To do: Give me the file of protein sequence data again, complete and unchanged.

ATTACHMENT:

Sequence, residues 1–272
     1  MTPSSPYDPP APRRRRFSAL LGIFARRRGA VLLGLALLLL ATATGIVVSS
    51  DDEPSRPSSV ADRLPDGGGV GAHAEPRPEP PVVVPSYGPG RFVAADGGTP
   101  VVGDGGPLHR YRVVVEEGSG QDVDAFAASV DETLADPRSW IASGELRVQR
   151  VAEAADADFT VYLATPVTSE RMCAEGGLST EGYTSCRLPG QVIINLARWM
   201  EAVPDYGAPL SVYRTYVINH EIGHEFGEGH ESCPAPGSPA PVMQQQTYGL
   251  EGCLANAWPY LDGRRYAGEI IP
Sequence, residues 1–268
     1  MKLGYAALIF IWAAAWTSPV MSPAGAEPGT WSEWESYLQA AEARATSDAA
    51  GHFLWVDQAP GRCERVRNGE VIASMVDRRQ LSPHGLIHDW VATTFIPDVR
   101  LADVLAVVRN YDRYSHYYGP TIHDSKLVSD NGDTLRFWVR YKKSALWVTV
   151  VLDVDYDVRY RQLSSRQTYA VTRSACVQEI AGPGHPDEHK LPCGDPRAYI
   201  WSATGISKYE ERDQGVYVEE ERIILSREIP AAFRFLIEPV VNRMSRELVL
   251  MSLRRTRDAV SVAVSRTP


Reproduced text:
Sequence, residues 1–272
     1  MTPSSPYDPP APRRRRFSAL LGIFARRRGA VLLGLALLLL ATATGIVVSS
    51  DDEPSRPSSV ADRLPDGGGV GAHAEPRPEP PVVVPSYGPG RFVAADGGTP
   101  VVGDGGPLHR YRVVVEEGSG QDVDAFAASV DETLADPRSW IASGELRVQR
   151  VAEAADADFT VYLATPVTSE RMCAEGGLST EGYTSCRLPG QVIINLARWM
   201  EAVPDYGAPL SVYRTYVINH EIGHEFGEGH ESCPAPGSPA PVMQQQTYGL
   251  EGCLANAWPY LDGRRYAGEI IP
Sequence, residues 1–268
     1  MKLGYAALIF IWAAAWTSPV MSPAGAEPGT WSEWESYLQA AEARATSDAA
    51  GHFLWVDQAP GRCERVRNGE VIASMVDRRQ LSPHGLIHDW VATTFIPDVR
   101  LADVLAVVRN YDRYSHYYGP TIHDSKLVSD NGDTLRFWVR YKKSALWVTV
   151  VLDVDYDVRY RQLSSRQTYA VTRSACVQEI AGPGHPDEHK LPCGDPRAYI
   201  WSATGISKYE ERDQGVYVEE ERIILSREIP AAFRFLIEPV VNRMSRELVL
   251  MSLRRTRDAV SVAVSRTP